Ole Miss LT Greg Little learned a lot of lessons last season when he was thrust into a starting role as a true freshman.
Even though he was the No. 1 tackle prospect in the country coming out of high school in 2016, he was still a newbie playing one of the hardest positions on the field against some of the best athletes in the best conference in America.
“It was a great experience, a learning experience, for me,” noted Little. “I was going against guys like Arden Key, Miles Garrett, Carl Lawson. Those guys are beasts, and they all have different skill-sets. It was a challenge.”
Even though Little held his own, he knew he could do better. In the offseason, he identified what he needed to work on and he began his quest to improve prior to spring training.
“The offseason was a big offseason for me,” he said. “I needed to get in better shape. I needed to lose weight. I needed to get stronger. I did all three. I just needed a better body. I was nearly 340 pounds last year. I’m 320 pounds now. I have better wind, I'm stronger and my feet are much better. Last year, I was going five plays and getting winded, looking for a sub. This year, I can go and go and I'm waving off guys wanting to sub for me. My movement is also much better. My teammates tell me all the time I look more athletic out there now. I definitely don’t want to gain that weight back.
“You just don’t know until you go through it the speed of the game on this level every week. In high school, guys are quick, but guys who’ve been in college for three or four years have knowledge of the game and know what to do. Plus, they’re great athletes; they play so fast. To play up to their level is quite an adjustment. I survived, but now I want to thrive. I wasn't really ready last year, but I had a job to do and I wasn't going to let the team down. I did get more comfortable as the season went on, but it was an eye-opener for sure.”
The toughest he faced?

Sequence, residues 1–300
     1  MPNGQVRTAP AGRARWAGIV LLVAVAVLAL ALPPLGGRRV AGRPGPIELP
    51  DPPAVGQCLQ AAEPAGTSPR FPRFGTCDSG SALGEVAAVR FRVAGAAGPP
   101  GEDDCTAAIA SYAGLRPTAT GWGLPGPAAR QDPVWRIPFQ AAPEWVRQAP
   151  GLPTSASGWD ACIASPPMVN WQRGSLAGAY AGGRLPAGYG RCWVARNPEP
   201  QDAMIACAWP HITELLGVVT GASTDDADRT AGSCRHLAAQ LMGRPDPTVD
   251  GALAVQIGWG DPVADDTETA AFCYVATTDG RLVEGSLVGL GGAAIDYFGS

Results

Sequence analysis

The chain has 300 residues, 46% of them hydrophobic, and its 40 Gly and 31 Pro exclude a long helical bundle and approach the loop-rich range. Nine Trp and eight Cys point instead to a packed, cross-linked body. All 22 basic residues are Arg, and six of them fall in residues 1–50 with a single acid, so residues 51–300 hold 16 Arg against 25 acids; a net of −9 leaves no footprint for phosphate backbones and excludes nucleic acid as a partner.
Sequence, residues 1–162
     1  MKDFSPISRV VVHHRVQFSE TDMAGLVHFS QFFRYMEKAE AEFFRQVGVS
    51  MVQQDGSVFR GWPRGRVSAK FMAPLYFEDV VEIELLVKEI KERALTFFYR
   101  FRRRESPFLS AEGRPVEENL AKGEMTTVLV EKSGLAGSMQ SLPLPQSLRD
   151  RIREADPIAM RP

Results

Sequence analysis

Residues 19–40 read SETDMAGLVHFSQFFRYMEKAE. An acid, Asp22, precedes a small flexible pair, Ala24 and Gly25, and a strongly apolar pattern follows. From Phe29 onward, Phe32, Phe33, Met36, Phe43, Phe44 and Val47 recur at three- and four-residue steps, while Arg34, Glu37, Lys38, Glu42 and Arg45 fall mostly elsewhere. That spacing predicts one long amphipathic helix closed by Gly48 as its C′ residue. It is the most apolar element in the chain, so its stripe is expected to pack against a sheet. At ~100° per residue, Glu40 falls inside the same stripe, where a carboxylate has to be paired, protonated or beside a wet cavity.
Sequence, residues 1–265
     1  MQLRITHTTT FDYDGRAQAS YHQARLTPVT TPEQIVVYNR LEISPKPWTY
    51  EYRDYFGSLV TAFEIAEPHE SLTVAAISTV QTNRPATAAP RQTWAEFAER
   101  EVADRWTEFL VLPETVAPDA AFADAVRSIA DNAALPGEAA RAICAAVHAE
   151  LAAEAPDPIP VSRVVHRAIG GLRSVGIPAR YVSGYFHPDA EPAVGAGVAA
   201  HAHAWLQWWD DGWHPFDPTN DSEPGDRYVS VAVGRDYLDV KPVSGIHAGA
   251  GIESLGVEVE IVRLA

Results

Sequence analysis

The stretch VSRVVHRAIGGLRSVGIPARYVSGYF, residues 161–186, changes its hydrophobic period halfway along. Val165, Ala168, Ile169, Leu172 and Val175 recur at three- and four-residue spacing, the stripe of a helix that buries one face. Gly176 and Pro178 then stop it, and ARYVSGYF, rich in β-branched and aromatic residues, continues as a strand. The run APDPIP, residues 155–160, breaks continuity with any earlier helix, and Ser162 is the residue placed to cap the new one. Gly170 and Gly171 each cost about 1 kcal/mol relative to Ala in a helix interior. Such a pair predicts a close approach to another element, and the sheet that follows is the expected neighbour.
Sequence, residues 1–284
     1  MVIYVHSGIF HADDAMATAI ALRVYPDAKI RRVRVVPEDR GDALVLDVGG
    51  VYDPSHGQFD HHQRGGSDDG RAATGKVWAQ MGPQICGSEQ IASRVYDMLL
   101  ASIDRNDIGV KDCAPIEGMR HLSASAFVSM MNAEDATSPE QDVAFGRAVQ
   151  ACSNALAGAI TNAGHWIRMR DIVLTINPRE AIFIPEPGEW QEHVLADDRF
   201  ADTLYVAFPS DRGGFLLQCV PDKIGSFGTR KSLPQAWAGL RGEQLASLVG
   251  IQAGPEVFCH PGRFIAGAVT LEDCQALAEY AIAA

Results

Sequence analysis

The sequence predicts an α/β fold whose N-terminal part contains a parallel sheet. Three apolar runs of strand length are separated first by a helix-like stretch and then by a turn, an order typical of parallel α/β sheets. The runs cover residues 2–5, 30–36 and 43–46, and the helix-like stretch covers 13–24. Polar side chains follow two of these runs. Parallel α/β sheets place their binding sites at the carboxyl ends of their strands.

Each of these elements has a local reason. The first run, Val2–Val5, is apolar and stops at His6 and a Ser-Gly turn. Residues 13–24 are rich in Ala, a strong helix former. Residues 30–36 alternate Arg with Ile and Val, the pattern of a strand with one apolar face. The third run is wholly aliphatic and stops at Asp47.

“Marquis (Haynes) is as good as any of them every day in practice, but last season, Carl Lawson was the hardest to me,” Little noted. “He has a non-stop motor. If you beat him on his first move, he had a second move ready for you, so you had to play to the whistle every snap. He was a great one.”
Little liked what he saw from the Ole Miss offensive line this spring.
“We’re all very close,” he said. “We communicate well and we have continuity and experience on our side. We also have a new system that I think is going to help us. Our chemistry is really good, even with the younger guys. We eat together, laugh together, work together. We’re brothers."
One thing Little likes is in Phil Longo's offense, the line splits — some of the time — are wider, creating wider running lanes and a longer distance for rush ends to have to traverse to get to the Rebel QB.
“At first, I was scared about the wider splits, but as I got used to it, I realized it helps the running backs have more space and bigger holes,” Little added. “As linemen, we don't have to widen the holes - they are already naturally wider. We just have to maintain. At first, I was nervous about being out wider with the edge rusher too, but even if I miss with my first punch, he’s so wide he still may not get there before the ball is thrown. So, overall, I like the wide splits when we use them.
"Coach Longo's offense is built on space. We chase space, he likes to say. We want our backs and receivers to be running where there’s space, so the wider splits can help that."
Going against Haynes every day in practice also helped Little's game.
“He’s a monster of an athlete, so fast,” he said. “Going against him every day has upped my game for sure. His speed off the edge, if I can hang with him, I can play with anyone. If I can get my set with him, I can with anyone, I believe. Qaadir (Sheppard) is a handful. He has a different style from Marquis, but he's coming on strong, and Victor Evans is kind of a mixture — he has speed and strength. He can run around you or take you for a ride on a bull rush. I think we’re really talented at defensive end."
Ole Miss closed the spring with the Grove Bowl on Saturday. The Rebel offense bested the defense, 31-29.
"Both sides of the ball have improved,” Little closed. “We've made a bunch of explosive plays, but the defense has done a nice job of getting better and better every day. They’re swarming again, and it's getting tougher for us to make something happen against them as they learn their new system. I like what I see in this team."
As for him, he's a better Little and a little better.